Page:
Popular Irish amateur Garrett Moore on The Liberator, a horse held in great public affection and heavily backed, had an injunction taken out against his running by his fellow owner, Plunkett Taaffe, but it was overthrown by the Master of the Rolls in Dublin and the horse won easily, by 10 lengths.
The victory of Frigate, under Tommy Beasley, received great acclamation as it was her sixth run in the race; she’s one of only 13 mares to have won, the last being the grey Nickel Coin in 1951.
Manifesto won despite a serious blunder; jockey George Williamson described looking back to see a hind leg pointing skywards. Manifesto ran in the race a record eight times, also winning in 1897. He was called ‘the most blood-like animal ever to put in an appearance’; the German equestrian artist Emil Adam was initially sniffy about painting him, but changed his tune when he saw him and exhibited the portrait in Paris.
Georges Parfrement, darling of the Parisian racing scene who later died of a broken neck, is the only Frenchman to have won. His mount, Lutteur III, only a five year old, was trained in West Sussex by Harry Escott and owned by James Hennessy, a scion of the brandy house.
Poethlyn, ridden by Lester Piggott’s grandfather Ernie, was, at 11–4, the shortest-priced winner in history. In 1918, the pair won the ‘War National’, which was held at Gatwick, Aintree having been commandeered by the War Office. Only seven favourites have won in the past 50 years – the shortest priced this century are Hedgehunter (2005) and Comply Or Die (2008) at 7–1.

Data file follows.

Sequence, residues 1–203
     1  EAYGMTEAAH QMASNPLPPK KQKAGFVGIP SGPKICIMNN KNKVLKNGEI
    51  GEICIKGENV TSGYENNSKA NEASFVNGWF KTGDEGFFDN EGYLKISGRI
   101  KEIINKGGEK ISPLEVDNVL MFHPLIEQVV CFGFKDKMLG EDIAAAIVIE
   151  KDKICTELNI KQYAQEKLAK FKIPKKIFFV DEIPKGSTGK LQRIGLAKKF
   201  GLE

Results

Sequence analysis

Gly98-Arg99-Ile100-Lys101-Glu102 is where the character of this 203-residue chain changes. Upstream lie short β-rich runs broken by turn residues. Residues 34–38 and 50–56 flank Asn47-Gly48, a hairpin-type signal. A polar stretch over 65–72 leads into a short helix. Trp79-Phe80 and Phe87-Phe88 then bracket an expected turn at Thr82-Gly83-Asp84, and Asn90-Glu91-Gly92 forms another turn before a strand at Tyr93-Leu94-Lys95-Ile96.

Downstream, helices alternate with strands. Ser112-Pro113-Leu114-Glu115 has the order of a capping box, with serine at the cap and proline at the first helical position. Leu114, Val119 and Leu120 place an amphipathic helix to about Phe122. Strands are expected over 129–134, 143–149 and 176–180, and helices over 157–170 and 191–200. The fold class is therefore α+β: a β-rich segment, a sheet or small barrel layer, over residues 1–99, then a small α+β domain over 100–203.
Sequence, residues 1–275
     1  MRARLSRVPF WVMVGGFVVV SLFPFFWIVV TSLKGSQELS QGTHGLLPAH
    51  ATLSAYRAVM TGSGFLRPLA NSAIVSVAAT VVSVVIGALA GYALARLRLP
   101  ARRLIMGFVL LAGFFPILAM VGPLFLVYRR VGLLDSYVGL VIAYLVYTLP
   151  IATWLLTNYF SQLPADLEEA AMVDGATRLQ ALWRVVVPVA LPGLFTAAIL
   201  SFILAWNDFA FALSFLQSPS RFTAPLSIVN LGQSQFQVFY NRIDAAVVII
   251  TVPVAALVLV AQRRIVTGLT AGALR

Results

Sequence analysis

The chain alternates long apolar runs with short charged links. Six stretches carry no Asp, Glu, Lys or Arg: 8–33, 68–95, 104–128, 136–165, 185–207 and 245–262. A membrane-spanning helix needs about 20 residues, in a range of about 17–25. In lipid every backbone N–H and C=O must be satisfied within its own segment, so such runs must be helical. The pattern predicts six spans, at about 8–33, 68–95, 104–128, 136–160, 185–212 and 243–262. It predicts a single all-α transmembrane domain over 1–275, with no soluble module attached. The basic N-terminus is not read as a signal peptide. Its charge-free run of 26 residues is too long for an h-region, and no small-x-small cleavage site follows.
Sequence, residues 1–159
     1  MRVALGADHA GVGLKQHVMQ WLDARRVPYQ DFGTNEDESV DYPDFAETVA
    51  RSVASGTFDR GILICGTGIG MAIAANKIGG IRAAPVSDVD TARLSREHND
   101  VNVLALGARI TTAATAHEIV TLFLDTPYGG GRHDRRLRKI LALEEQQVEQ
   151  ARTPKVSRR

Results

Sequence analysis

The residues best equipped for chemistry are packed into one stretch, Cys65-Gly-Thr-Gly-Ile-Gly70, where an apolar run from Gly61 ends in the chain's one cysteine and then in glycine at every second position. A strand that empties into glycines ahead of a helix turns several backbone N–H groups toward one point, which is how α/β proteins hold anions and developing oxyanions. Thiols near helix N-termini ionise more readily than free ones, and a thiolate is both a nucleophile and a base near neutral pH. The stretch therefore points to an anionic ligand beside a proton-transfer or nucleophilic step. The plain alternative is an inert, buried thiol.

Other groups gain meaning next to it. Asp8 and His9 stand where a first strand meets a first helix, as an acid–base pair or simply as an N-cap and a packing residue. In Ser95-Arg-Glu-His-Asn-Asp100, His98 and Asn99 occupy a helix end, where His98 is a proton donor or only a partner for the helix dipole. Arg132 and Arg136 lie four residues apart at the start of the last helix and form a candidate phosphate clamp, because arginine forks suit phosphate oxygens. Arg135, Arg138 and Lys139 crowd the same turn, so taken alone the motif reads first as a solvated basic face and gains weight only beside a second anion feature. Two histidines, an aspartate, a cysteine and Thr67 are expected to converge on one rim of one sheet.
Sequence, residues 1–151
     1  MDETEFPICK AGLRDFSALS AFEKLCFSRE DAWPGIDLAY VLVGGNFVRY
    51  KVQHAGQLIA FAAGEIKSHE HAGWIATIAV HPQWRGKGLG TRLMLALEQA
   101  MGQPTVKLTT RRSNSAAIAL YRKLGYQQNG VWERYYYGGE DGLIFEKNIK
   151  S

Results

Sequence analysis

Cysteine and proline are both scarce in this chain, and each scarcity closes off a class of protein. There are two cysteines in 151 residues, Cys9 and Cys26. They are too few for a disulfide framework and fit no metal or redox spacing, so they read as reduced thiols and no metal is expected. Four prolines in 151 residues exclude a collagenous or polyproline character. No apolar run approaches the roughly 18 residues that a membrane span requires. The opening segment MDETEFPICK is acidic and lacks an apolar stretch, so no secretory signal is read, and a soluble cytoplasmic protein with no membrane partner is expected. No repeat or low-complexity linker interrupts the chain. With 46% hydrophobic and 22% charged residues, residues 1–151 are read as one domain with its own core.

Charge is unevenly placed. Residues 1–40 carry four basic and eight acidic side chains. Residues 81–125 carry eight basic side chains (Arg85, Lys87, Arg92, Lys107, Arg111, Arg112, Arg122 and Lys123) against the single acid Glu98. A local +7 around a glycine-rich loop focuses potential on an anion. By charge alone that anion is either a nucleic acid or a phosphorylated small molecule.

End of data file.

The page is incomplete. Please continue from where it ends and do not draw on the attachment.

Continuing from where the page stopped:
After a frustratingly frosty February, when there was only one day’s racing, Country Life expressed consternation at an ‘unwieldy’ entry of 120, which was whittled down to a record 66 (January 12, 1929). The writer mooted the idea of a forfeit to discourage owners of hopeless horses, who were perhaps encouraged by the triumph in 1928 of the 100–1 shot Tipperary Tim – he was the sole finisher after Easter Hero caused a traffic jam at the Canal Turn, which had a ditch in front of it at the time.
However, the 1929 winner, Gregalach, will have done nothing to put off owners: he was also 100–1. Our correspondent GHPE missed most of the excitement – he was knocked unconscious when the rail he’d been leaning on broke.
Workman, Irish-bred, owned and trained and ridden by Tim Hyde, whose son Timmy is a successful bloodstock agent, was the first all-Ireland winner, but he hadn’t been tipped: instead, money piled on for Blue Shirt, a horse that had been mysteriously cited in a message in a bottle that washed up on the Irish coast.